Isolation of pure culture and physical characterization

Streptomyces strains were isolated from the soil samples in the ISP2 medium. Briefly, 1 g of soil samples collected through the sieve was dissolved in 9 ml of DW and allowed to settle for 5 min. The prepared soil samples were diluted ten times and streaks into the ISP2 solid agar plate containing antibiotics nalidixic acid (20 µg/ml) and cycloheximide (50 µg/ml). The plates were allowed to grow for two weeks at 28°C. The colony was isolated from the mixed culture and screening twice with antibiotics to confirm the pure culture. The isolated cultures were grown in the R2YE solid agar medium and characterization of Streptomyces was performed based on their Gram staining, growth pattern, and colony morphology.

Preparation of culture media

The isolated culture of Streptomyces strains were grown in R2YE medium containing 103 g sucrose, 0.25 g K2SO4, 10.12 g MgCl2·6H2O, 10 g glucose, 0.1 g casamino acids, 5 g yeast extract dissolved separately in 800 ml and 2 ml of trace elements, 10 ml TES buffer (0.5%), 10 ml KH2PO4 (0.5% w/v), 80 ml CaCl2·2H2O (3.68% w/v), 15 ml L-proline (20% w/v), and 5 ml 1 M NaOH were added separately. Trace element composition (0.004% ZnCl2, 0.02% FeCl3·6H2O, 0.001% CuCl2·2H2O, 0.001% MnCl2·4H2O, and 0.001% Na2B4O7·10H2O).

Isolation of genomic DNA and 16S rRNA analysis

Isolates were inoculated in the R2YE media and incubated at 28°C for 7 days. Isolation of genetic deoxyribose nucleic acid (gDNA) was carried out using standard phenol-chloroform methods (Gumińska et al., 2018). For the identification of bacterial 16S rRNA sequence analysis was performed using universal primer 27F (5'-AGAGTTTGATCCTGGCTCAG-3') and 1429R (5'-GGTTACCTTGTTACGACTT-3'). The polymeric chain reaction (PCR) condition was set at initial denaturation at 94°C for 5 min; 30 cycles at 95°C for 30 sec, 55°C for 30 sec and 72°C for 120 sec; and a final extension at 72°C for 7 min. The PCR amplified products were analyzed by 0.7% agarose gel electrophoresis. The purified PCR products were sequenced using 27F and 1429R primer with Sanger sequencing methods at Genotech.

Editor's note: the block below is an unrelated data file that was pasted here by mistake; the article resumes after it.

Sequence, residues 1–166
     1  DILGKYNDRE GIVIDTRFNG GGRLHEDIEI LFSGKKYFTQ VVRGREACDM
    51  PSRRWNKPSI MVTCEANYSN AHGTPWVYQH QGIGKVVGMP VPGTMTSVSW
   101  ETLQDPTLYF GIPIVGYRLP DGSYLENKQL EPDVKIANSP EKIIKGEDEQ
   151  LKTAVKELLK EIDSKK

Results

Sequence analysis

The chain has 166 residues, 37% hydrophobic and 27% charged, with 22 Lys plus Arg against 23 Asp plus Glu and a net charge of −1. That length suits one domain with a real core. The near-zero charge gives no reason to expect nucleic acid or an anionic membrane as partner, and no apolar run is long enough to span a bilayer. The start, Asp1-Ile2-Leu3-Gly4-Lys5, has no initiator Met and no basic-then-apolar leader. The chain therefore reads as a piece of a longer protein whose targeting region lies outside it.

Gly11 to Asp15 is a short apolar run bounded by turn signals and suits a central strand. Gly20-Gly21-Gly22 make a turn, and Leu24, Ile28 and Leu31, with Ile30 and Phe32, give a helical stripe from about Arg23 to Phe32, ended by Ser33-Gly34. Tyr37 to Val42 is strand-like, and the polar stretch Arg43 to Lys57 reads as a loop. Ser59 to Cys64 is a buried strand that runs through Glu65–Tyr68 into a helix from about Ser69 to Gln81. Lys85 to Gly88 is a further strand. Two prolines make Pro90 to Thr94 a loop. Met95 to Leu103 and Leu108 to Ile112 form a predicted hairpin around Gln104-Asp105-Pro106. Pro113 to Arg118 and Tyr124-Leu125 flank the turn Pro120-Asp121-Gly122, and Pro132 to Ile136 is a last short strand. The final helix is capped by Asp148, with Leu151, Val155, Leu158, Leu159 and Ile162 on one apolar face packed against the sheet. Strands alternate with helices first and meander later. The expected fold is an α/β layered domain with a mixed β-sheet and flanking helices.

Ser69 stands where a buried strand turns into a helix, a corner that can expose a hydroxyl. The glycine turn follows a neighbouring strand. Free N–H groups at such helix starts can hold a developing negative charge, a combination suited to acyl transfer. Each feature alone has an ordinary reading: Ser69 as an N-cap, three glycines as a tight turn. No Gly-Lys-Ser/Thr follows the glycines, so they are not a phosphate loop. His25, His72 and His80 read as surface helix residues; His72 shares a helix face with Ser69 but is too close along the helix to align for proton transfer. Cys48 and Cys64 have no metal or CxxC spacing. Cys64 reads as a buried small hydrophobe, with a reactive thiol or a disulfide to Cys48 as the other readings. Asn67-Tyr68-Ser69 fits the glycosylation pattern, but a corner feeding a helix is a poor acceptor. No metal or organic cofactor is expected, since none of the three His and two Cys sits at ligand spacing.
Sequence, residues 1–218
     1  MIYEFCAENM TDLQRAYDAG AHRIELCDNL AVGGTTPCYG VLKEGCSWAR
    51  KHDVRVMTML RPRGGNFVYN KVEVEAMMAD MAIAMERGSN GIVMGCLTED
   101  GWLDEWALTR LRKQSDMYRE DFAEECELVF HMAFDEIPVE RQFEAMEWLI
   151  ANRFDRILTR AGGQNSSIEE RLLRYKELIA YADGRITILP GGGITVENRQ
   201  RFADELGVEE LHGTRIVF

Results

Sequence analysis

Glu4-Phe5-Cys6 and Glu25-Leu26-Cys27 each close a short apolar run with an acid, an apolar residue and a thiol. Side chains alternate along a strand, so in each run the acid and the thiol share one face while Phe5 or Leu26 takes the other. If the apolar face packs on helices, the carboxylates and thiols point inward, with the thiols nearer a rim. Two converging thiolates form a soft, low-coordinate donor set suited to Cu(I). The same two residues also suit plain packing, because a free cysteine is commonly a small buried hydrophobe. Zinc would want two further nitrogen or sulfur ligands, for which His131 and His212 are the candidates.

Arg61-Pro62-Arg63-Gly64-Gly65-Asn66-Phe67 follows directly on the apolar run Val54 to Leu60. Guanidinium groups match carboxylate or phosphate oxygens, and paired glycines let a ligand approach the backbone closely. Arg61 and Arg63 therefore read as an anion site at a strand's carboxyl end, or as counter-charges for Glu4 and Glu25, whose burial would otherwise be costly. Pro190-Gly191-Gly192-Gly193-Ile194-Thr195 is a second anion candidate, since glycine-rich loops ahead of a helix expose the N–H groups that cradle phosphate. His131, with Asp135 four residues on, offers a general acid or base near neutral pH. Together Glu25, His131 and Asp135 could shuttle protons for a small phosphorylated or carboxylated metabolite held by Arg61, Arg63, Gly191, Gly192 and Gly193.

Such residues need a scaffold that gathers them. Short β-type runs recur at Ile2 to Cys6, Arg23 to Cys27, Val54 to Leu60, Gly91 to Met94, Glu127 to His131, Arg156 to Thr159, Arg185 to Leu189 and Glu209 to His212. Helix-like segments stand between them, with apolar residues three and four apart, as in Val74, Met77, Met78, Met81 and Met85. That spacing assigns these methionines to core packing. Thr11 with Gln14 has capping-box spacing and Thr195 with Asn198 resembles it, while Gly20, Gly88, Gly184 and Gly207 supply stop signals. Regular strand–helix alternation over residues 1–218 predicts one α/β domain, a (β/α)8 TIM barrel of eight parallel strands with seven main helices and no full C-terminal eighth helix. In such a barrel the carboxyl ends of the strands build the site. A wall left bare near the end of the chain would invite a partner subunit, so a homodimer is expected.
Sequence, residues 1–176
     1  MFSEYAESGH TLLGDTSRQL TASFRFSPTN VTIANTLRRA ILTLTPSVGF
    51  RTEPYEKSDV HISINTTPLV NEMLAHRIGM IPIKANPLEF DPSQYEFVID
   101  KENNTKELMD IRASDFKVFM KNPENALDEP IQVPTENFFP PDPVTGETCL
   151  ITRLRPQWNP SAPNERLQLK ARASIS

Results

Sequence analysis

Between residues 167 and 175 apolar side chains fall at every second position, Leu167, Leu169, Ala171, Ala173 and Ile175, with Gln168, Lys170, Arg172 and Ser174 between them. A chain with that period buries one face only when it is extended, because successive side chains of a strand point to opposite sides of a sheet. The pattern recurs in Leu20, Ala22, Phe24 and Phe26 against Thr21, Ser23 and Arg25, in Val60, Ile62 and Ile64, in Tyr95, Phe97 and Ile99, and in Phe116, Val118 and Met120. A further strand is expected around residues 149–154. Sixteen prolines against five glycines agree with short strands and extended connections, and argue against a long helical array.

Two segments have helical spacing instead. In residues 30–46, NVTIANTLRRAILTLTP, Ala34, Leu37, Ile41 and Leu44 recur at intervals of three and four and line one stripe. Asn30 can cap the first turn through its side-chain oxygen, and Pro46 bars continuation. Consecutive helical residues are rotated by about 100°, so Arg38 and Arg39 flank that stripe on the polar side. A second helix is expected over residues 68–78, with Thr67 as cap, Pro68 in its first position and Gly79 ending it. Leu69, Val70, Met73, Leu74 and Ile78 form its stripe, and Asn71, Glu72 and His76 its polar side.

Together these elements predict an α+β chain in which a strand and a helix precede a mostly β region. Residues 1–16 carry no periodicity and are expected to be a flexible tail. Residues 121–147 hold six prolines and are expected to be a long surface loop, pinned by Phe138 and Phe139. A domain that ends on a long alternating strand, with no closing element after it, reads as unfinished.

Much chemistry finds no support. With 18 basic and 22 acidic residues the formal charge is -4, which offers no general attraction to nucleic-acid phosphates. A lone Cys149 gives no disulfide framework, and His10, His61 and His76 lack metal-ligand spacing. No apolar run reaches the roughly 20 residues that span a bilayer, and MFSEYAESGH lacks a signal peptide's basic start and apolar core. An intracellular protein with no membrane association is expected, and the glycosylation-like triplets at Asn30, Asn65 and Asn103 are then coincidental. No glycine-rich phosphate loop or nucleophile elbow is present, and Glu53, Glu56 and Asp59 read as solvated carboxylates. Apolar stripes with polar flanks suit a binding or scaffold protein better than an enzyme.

Sequence analysis

The 16S rRNA sequence of the isolates were deposited in the National Center for Biotechnology Information (NCBI) gene bank. The homology search of the partial DNA sequence of 16S rRNA of the isolates was performed using the NCBI database and multiple sequence alignment was performed using ClustalW and the phylogenic tree was plotted using MEGA version 6 software by the neighbor-joining methods with bootstrap values calculated from 1,000 replications.

Extraction of metabolites

Isolated Streptomyces species were cultured in 50 ml R2YE medium for 7 days at 28°C. The culture broth was extracted with an equal volume of ethyl acetate. The organic layer of the extract was filtered using Whatman filter paper and dried using a vacuum evaporator for further analysis.

Analysis of antimicrobial activity